11. Shane – exactly. It’s the malleable passivity that I find particularly concerning. That to me is a classic sign of mental illness. But more importantly, if it goes on for too long we’ll have a whole generation that has no will power of their own.

  12. Hi Simon,

    That’s true, we can’t know what they’re thinking. Reverting to the sub conscious is a very worrying conclusion to the tale though.

    I guess what I was trying to communicate (and probably poorly so) was that basic literacy about resources, energy and limits is very poor within the wider community, which I believe you alluded to. It is one of the great risks of specialisation. But, also a good understanding of those topics does not make for pleasant and soothing lullaby’s. All the same though, I am wondering if at some sub conscious level, there is a vague understanding that things are going wrong (perhaps due to the past patches and tools not fixing the current bout of problems, yet they are the patches and tools available to that way of thinking) and people heap their concerns on the topic of concern which can be discussed instead: Climate Change.

    I have spoken to people who are genuinely concerned about that particular topic. They seem very upset about the topic, and yet they struggle to pro-actively do anything which might possibly address the core issues of the topic. It is a level of disconnect I’m struggling to comprehend, and your use of archetypes is a very useful structure because the belief system doesn’t have to make sense or even have the core tenets of the problem addressed, as long as the rules are followed as handed down by the archetype (I guess). Please correct me if I’m wrong here.



  13. Chris – The classic H L Mencken quote is relevant here –

    “The whole aim of practical politics is to keep the populace alarmed (and hence clamorous to be led to safety) by menacing it with an endless series of hobgoblins, all of them imaginary.”

    The climate debate looks a lot like that. Enormous amounts of money are riding on that debate. Having said that, I think you’re right in that there is probably more than the usual amount of anxiety floating around these days and it is looking for something to latch onto. The political hobgoblins are a ready target. People do not change their own behaviour because the system is actually there to keep them in line, not promote individual action. Note that the system self-perpetuates by creating more anxiety. That’s what happens when people’s words and deeds do not match up, as is the case with the entire climate debate and most of the rest of the public discourse.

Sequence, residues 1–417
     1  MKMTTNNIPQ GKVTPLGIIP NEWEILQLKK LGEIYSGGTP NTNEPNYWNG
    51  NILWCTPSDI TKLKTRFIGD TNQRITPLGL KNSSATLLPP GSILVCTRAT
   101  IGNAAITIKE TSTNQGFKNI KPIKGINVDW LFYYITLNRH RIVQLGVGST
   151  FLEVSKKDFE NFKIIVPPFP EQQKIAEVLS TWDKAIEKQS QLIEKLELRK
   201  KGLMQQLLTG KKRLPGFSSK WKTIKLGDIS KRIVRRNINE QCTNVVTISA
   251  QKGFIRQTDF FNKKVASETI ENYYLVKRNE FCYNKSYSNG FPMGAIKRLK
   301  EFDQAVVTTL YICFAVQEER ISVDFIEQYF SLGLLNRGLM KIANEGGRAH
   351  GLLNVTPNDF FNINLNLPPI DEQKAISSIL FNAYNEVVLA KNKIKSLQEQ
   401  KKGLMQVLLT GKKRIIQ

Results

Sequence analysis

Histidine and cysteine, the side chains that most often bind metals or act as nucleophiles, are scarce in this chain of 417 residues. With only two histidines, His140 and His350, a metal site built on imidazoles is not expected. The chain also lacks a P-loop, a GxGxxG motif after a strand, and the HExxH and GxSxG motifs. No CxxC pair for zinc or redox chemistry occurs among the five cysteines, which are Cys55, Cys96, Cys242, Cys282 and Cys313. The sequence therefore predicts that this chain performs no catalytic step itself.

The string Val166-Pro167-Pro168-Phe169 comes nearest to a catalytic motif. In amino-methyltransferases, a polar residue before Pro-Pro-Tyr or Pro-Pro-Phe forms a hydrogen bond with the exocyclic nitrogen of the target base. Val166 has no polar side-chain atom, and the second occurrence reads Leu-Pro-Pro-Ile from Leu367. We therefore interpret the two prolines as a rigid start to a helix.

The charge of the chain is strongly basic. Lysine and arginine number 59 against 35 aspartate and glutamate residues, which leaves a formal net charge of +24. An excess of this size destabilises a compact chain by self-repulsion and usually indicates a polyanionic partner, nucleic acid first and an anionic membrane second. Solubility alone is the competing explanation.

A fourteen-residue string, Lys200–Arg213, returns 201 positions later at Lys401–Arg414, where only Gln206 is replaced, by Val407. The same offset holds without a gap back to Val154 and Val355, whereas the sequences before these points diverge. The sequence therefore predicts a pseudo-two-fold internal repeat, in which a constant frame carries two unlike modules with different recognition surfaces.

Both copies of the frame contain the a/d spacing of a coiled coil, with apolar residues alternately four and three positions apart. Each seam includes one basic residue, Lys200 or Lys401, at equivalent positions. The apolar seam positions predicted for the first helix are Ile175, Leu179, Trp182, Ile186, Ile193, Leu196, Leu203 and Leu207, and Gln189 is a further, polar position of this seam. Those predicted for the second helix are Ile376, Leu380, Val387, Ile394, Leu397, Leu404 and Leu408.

14. Its hard to know if many people are actually aware of the resource limit issue at all, even at the subconscious. Whenever I bring it up with those most passionate about climate change they usually resort straight away to techno optimism, or just flat out deny the possibility. Those that do engage usually go away and ‘research’, which usually involves looking at various bits of propaganda for either the renewables or nuclear industries and assure themselves that everything is OK, while ensuring to never bring the topic up again in case their belief system is challenged.

    I’ve spoken to otherwise intelligent people who believe that something like bitcoin or the newest thing Musk is promoting will save us/the planet in the same way that born again Christians speak about the second coming. This has always struck me as where our religious belief lies now in the west, in the progress-centred techno utopian vision. Climate change is completely wrapped up in this belief system, and can only be discussed in these terms – Greedy humanity/fossil fuel companies killing poor mother earth – genius engineers save earth. It’s really quite humorous when you break it down.

    Getting it out of these terms is probably what is required. I’ve actually started to say to people that climate change will benefit Australia and that life prefers warm periods to ice ages. With more rainfall and our position in the southern hemisphere insuring that extremes of temperature are moderated by the surrounding oceans unlike the more continental North. Therefore we should build more coal fired power stations.

    Then I delight in the look on their faces. But what is interesting is that I find they will accept this easier than they will resource limits. Perhaps they just want good news.

  15. Skip – as the meme goes.

    truth v lies

    The Australian reaction to climate change is especially weird. The climate here is so variable that we should actually be better placed to deal with change than the bread baskets of Europe and North America where they are used to regular weather patterns. I think that’s true of Australian farmers. But, of course, everybody lives in the city now where the problems of climate change are usually nothing more than a few days of uncomfortable weather. Of course, we’ve also built large parts of Sydney and Brisbane (not to mention whole cities like Lismore) on flood plains. Flood plains gonna flood.